The IMDb250. A list of the top 250 films as ranked by the users of the biggest Internet movie site on the web. It is based upon the ratings provided by the users of the Internet Movie Database, which number into the millions. As such, it’s a perfect representation of the opinions of the movie masses, and arguably the most comprehensive ranking system on the Internet.

It’s because of this that we at HeyUGuys (and in this case we is myself and Barry) have decided to set ourselves a project. To watch and review all 250 movies on the list. We’ve frozen the list as of January 1st of this year. It’s not as simple as it sounds, we are watching them all in one year, 125 each.

This is our 32nd update, my next five films watched for the project. You can find all our previous week’s updates here.

No. 162 – Scarface (1983) – Rating 8.1

Al Pacino stars in arguably his most well known film and the film most people will answer if asked “Name an Al Pacino movie”. You barely remember anyone else from the film, this is Pacino’s movie from start to finish.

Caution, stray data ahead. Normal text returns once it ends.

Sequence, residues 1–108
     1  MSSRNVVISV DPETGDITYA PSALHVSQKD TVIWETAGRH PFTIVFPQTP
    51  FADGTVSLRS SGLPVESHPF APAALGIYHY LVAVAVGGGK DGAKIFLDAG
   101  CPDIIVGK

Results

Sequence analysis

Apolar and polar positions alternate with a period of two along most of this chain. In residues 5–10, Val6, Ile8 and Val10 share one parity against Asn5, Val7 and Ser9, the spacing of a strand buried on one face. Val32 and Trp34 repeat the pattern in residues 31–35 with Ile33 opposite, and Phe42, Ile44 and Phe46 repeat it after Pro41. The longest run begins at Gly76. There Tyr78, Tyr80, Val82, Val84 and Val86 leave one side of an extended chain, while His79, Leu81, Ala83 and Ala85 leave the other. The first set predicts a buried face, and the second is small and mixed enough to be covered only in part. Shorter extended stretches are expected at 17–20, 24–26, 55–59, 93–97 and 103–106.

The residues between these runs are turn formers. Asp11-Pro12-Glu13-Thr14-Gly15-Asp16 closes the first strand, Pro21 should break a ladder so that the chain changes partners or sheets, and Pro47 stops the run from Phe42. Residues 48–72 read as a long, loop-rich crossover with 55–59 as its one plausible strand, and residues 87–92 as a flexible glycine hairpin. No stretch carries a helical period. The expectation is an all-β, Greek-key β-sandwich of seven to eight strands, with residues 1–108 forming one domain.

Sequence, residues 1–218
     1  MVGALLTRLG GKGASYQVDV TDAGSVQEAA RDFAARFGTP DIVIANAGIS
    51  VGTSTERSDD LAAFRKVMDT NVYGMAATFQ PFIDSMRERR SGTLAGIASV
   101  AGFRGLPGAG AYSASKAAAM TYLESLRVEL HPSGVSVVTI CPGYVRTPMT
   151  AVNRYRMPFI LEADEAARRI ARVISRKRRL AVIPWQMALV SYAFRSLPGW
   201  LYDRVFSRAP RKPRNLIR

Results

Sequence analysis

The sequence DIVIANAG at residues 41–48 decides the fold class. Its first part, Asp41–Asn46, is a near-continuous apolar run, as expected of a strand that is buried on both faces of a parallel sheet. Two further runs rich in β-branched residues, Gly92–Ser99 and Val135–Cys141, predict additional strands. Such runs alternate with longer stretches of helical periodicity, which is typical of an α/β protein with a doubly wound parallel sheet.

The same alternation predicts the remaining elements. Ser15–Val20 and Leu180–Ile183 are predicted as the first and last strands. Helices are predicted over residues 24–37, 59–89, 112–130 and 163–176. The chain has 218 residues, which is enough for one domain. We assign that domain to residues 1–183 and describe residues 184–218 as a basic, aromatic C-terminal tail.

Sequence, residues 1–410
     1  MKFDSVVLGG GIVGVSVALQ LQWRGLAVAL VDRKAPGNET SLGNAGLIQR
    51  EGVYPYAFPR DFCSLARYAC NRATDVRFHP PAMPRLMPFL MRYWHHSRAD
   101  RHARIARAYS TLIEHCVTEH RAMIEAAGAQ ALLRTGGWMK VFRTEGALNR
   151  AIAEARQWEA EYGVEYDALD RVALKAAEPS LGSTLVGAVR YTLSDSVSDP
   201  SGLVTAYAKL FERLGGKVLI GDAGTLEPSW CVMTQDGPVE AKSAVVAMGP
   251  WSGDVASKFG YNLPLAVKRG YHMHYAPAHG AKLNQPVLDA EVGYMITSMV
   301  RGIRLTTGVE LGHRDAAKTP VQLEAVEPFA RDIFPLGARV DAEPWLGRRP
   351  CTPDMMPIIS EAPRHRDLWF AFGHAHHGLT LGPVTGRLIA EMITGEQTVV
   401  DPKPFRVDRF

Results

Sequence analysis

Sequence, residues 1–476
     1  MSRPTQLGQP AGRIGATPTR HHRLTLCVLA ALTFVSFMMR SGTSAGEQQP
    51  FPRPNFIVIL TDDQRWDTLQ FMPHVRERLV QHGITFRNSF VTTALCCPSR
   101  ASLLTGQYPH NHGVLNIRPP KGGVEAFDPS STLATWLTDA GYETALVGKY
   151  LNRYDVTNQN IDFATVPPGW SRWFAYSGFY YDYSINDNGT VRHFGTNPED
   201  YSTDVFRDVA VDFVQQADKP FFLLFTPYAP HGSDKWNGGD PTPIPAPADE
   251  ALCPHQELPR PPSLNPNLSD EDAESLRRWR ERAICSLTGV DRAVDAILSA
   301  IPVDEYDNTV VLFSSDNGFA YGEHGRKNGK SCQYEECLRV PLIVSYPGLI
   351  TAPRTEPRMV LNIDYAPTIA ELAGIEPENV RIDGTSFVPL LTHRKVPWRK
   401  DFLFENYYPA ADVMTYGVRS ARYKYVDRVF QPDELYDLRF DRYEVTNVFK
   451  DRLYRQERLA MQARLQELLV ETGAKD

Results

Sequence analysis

The movie charts the life of Tony Montana from when he steps off the refugee boat from Cuba in Miami, his rise in the drug world working for other mobsters before taking it upon himself to take over the whole enterprise.

Brian De Palma directs from an Oliver Stone script that produces a great drug lord gangster film that’s almost up there with the best of them and despite it’s long run time of almost 3 hours it feels well paced and allows the growth of Tony Montana enough for you to almost route for him even though he’s an evil paranoid psychotic killer. The character of Montana is at times ridiculously overplayed by Pacino and is almost laughable and I feel it’s this that lets it down, but of course this is what makes Scarface so memorable as a movie icon.

The supporting cast, although heavily underwritten compared to Tony Montana, are vital in making the film work with Montana’s best friend Manny, played excellently by Steven Bauer, being a long term friend to Montana and also a key character in the turning point in his paranoia and judgement which leads to a devastating climax to their friendship. Michelle Pfeiffer has little to do but look pretty and be a reason for Montana to get angry. I really enjoyed the performance of Robert Loggia as drug boss Frank Lopez who was excellent and was the perfect stepping stone for Montana to get from errand boy to drug boss and probably the strongest sequence in the film.